Edge doped graphene interconnects have been fabricated in a width range from 1 to 10 μm. At widths below 1 μm, edge doping becomes valuable to the formation of graphene interconnects. The reason for this is as follows. When edge doping, the carrier density of the interconnect becomes larger as the width is reduced (i.e., the same number of carrier are injected from the edge, yet the area of the interconnect decreases). A model-based extrapolation of the edge doping carrier density is shown in FIG. 15. FIG. 15 is a graph of carrier density versus the width of a graphene interconnects. In FIG. 15, edge doped interconnects are compared against other (basal) doping methods. As shown in FIG. 15, below a 1 μm width, edge doping is projected to produce larger carrier densities than those possible through interactions with the graphene surface. Doping graphene using other methods (i.e., interactions with surface/basal plane of the graphene sheet) typically only result in carrier densities as high as 3×1012 cm−2. As a result, at graphene interconnect widths below 1 μm, edge doping provides a larger carrier density than most other doping methods.

The value of edge doping is further demonstrated by comparing the resistivity of three interconnects: Cu (the current material in CMOS chips), edge doped graphene, and basal doped graphene. This is shown in FIG. 16 which is a plot of resistivity as a function of interconnect width for three different interconnects: Cu, edge doped graphene, and basal doped graphene. The shaded oval region indicates the area of actual devices that have been fabricated. This region corresponds to edge doping carrier densities in the range of 1014 to 1015 cm−2. Carrier density was determined by back calculating from resistivity using the interconnect width and line edge roughness. This indicates that edge doped carrier densities on the order of 1014 to 1015 cm−2 have been achieved in nanoscale graphene interconnects. As shown in FIG. 16, edge doped graphene interconnects exhibit a much lower resistivity than intrinsic (basal doped) graphene interconnects. Edge doping also allows the resistivity of graphene to become comparable to that of Cu. The red circle is the region where edge doped interconnects have been fabricated.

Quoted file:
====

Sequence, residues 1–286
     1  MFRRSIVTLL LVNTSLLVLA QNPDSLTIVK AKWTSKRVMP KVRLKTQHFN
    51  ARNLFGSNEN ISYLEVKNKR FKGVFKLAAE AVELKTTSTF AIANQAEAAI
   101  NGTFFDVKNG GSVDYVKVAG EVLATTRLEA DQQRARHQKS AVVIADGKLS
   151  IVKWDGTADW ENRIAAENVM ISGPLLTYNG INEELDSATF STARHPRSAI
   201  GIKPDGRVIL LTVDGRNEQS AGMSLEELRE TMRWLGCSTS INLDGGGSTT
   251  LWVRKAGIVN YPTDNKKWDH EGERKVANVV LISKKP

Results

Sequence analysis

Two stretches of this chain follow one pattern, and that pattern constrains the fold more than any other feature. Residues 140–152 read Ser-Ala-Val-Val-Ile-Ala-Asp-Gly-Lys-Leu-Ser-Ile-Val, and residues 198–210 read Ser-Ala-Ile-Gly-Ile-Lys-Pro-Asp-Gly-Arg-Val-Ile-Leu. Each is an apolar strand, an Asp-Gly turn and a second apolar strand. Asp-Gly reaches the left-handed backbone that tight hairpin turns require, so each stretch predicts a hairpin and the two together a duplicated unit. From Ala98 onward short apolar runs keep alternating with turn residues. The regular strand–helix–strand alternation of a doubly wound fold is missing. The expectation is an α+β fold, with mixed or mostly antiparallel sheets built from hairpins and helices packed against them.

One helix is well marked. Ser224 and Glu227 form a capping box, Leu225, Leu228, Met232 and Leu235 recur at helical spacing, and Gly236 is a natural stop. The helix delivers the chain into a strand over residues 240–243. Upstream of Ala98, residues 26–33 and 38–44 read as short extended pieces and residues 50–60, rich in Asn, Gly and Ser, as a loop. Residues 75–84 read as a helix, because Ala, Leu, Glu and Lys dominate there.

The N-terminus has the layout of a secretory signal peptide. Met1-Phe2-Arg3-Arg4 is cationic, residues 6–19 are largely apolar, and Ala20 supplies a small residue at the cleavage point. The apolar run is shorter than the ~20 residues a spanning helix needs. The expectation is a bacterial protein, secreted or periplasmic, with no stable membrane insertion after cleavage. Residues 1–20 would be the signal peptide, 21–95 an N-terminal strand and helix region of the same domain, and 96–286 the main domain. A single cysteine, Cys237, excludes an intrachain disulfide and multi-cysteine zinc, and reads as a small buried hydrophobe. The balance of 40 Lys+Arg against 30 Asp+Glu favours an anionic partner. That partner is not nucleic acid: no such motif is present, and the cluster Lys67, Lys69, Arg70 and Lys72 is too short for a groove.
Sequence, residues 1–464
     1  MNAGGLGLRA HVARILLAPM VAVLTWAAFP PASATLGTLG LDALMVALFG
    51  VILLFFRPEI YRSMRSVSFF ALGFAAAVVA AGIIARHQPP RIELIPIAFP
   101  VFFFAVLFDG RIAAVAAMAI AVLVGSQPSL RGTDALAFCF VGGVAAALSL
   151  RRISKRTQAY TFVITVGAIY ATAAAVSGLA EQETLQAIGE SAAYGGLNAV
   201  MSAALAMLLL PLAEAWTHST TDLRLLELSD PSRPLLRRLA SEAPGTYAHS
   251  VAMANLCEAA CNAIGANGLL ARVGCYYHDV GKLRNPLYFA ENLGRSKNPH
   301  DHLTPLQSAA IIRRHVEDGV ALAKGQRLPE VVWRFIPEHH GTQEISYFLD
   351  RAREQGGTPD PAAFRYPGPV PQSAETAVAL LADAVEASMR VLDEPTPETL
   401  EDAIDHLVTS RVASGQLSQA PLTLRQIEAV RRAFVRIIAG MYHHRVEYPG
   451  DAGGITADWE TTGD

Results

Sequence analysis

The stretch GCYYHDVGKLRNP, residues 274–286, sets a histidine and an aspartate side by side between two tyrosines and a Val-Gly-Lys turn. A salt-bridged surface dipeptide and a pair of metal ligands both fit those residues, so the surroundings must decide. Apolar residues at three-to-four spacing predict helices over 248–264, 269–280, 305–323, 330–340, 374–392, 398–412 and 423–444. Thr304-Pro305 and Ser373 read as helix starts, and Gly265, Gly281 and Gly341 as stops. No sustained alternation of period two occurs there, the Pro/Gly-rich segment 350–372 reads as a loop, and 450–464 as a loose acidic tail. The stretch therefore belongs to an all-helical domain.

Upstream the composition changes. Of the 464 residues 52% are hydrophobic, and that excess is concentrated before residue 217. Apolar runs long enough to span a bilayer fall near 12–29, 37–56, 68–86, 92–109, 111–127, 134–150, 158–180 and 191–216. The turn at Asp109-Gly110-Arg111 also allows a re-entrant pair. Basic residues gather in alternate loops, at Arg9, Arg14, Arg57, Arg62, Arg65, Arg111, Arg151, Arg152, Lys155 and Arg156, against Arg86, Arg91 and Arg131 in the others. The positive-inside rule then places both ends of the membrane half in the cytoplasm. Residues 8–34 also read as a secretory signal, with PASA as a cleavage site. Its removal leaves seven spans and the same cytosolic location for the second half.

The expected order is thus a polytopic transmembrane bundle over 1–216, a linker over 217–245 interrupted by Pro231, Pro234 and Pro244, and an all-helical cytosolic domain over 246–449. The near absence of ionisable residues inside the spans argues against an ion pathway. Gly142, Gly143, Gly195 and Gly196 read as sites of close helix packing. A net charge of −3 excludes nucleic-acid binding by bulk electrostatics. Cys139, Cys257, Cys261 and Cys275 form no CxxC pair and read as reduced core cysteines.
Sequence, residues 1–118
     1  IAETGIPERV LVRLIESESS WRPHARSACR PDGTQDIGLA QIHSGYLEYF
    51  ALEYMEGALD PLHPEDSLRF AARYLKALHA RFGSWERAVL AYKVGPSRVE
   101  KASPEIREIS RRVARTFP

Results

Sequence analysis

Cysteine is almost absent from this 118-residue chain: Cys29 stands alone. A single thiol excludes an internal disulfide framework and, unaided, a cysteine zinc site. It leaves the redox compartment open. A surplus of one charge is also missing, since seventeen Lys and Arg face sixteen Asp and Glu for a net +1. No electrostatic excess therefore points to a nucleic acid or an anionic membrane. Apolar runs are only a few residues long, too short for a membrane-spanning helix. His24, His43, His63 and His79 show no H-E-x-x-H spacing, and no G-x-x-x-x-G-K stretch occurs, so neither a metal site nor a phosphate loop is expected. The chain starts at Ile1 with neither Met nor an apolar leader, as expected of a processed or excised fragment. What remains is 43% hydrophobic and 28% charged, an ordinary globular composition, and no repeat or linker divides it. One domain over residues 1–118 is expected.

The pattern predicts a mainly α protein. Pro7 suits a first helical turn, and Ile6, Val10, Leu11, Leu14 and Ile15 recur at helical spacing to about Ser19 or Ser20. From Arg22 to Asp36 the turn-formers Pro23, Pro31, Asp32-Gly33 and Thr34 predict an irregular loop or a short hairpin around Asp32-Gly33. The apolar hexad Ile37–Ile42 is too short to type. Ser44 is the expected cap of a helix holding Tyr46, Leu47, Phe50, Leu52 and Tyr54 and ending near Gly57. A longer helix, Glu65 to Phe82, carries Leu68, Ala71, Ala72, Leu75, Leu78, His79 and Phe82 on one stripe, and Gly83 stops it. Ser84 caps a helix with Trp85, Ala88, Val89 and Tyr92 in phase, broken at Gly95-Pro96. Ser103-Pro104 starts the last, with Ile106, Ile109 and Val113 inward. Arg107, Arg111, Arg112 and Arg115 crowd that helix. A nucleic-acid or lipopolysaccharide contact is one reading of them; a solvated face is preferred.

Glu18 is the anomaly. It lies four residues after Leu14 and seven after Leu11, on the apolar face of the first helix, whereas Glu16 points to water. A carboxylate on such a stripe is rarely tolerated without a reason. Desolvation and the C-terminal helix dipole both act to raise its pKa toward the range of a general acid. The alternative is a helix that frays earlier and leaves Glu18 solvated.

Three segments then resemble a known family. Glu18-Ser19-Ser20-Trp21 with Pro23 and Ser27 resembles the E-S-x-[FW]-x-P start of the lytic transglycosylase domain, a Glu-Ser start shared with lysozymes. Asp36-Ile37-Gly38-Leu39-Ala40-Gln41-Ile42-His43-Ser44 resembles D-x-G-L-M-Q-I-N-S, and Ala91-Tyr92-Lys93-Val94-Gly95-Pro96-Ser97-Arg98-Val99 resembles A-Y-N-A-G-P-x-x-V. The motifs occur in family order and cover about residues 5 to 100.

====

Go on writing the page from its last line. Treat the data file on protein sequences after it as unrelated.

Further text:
One non-limiting application of Edge Doping is to combat the onset of edge scattering in nanoscale graphene interconnects, allowing them to perform comparable to Cu in regards to RC delay and energy delay product.

As graphene sheets are etched or patterned into nanoscale channels, the roughness along the edge becomes a leading source of scattering for mobile charge. As such, as the width of a graphene interconnect is shrunk below 100 nm, this Line-Edge-Roughness (LER) scattering rapidly increases the resistivity of the interconnect. Specifically, this increase in resistivity is exponential and would normally render the resistivity of graphene one or two orders of magnitude above copper (Cu) interconnects at a similar width. In short, a graphene interconnect subject to LER is not viable as a replacement to Cu interconnects in the nanoscale.

LER is a result of physical roughness along the edge of the graphene interconnect. This roughness stems from a combination of the roughness of the etch mask/resist used to the pattern the interconnect, as well as the etching process (e.g., plasma etching). Removing LER from graphene interconnects would require tremendous advances in patterning/etching, the formation of atomically smooth edges, and is completely beyond the scope of current semiconductor processing capabilities. As such, graphene interconnects are unavoidably dominated by LER at widths below 100 nm and are not viable as a replacement technology to Cu. As used herein, the line edge roughness (LER) of an interconnect is the distance between the widest and narrowest portion of the interconnect. Edge doping is particularly beneficial when the LER of the graphene interconnect is comparable or larger than the Fermi wavelength of graphene which is approximately 1 nm. According to some embodiments, the edge doped graphene interconnects have am LER of 0.2 nm or more. According to some embodiments, the edge doped graphene interconnects have am LER of 0.5 nm or more.